During the postseason, I had a conversation with one of the folks sitting near us about Edwin Encarnacion. I was completely convinced that he would end up in Boston with the Red Sox during the offseason, while this person swore up and down he would end up staying in Toronto. I guess both of us were wrong, as he’s heading to Cleveland on a three-year deal with an option for a fourth year. I discussed the possibility of an Encarnacion signing earlier this month, and allowed myself to daydream about the slugger joining the Indians. Even though he was arguably one of the best players available on the thin free agent market this winter, his market seemed to tumble quickly this offseason. That, coupled with the extra money the Indians brought in during the postseason, created a perfect situation for an Encarnacion signing. I keep joking about it in terms of Jose Bautista’s famous “circumstances” comment from the ALCS, but it really was a perfect set of circumstances for the Indians.
As I pointed out earlier this month, based on their 2016 numbers Encarnacion would be a huge improvement over Mike Napoli (who had a fairly solid season outside of September and October). While the Indians will reportedly pay Encarnacion $20 million per year (quite a jump from Napoli’s $7 million base salary for 2016), it’s only a three-year deal. While there’s always risk with any big signing, at least three years minimizes some of that risk. The fourth year option is also for $20 million, with a $5 million buyout. What is crazy about this deal is the fact that Toronto initially offered Encarnacion four years, $80 million at the beginning of the offseason. He turned it down and went onto the free market, fully expecting to get a better deal. While he’ll end up with the same $20 million per season, the fourth year in Cleveland isn’t guaranteed.
And that is where I tip my cap to Chris Antonetti and Mike Chernoff, as well as the Dolan family. For years, Indians fans have complained “Dolanz cheap” but they’re forking over some serious cash in the hope that Encarnacion can put the Indians over the top and finally bring the city an elusive World Series title. For years, the Indians took the conservative route as far as bold moves go. They were never ones to surrender highly-touted prospects, or to go out and make a big splash on the free agent market. The closest they probably came in recent years was when they hired Terry Francona and signed Nick Swisher and Michael Bourn during the 2012-2013 offseason. But this summer Antonetti and Chernoff traded four prospects, including two first round picks in Clint Frazier and Justus Sheffield, for reliever Andrew Miller. And that turned out to be a key addition to the 2016 Indians; they may not have made it to Game 7 of the World Series without him. They’ve made another bold move in signing Encarnacion; one that will cost them a draft pick. This is the kind of risk that I’m not sure the Indians take during the Mark Shapiro years. (And it feels kind of odd saying that, since they essentially took Encarnacion away from Shapiro’s new team). Antonetti and Chernoff were never really in a bidding war with Shapiro, since it seems like Toronto moved on pretty quickly from their long-time star early in the offseason. I would’ve rather had Encarnacion over Kendrys Morales though, so maybe the Blue Jays moved on a bit too quickly. Their loss is our gain.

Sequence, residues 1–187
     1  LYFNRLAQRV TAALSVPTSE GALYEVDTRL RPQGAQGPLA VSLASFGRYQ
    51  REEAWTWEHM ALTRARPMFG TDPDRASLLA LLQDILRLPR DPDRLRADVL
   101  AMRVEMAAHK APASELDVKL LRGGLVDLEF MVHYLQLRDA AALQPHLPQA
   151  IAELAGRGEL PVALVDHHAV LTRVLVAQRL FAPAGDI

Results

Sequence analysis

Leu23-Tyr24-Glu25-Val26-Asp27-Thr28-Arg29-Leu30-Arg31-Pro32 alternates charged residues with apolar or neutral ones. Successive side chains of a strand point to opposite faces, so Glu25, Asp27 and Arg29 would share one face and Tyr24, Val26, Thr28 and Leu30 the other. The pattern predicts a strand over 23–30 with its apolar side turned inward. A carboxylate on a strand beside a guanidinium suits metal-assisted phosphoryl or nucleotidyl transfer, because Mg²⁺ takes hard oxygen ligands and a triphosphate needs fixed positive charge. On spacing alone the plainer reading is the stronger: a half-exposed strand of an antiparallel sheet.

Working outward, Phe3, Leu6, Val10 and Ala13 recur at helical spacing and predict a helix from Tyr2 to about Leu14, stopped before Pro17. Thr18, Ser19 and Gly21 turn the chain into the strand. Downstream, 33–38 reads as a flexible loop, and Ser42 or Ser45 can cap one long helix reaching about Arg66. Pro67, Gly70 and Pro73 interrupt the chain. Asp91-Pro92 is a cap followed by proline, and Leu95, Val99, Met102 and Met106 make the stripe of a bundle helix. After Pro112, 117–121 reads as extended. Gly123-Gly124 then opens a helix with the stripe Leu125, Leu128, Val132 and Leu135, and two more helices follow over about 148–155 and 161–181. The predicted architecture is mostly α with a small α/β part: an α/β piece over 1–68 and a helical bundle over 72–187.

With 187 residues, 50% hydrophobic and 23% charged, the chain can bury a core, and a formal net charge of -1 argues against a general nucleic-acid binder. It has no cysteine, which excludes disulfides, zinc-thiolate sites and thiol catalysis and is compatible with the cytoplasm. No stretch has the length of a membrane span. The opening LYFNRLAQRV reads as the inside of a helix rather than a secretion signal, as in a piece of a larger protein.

The Indians could have stayed put this offseason and still had a solid roster heading into spring training. But now they’ll add one of the best free agent sluggers available this winter to the mix. Get your parrot references and memes ready in time for the start of spring training in February. (Read up on the parrot, if you’re unfamiliar) Pitchers and catchers report in less than two months!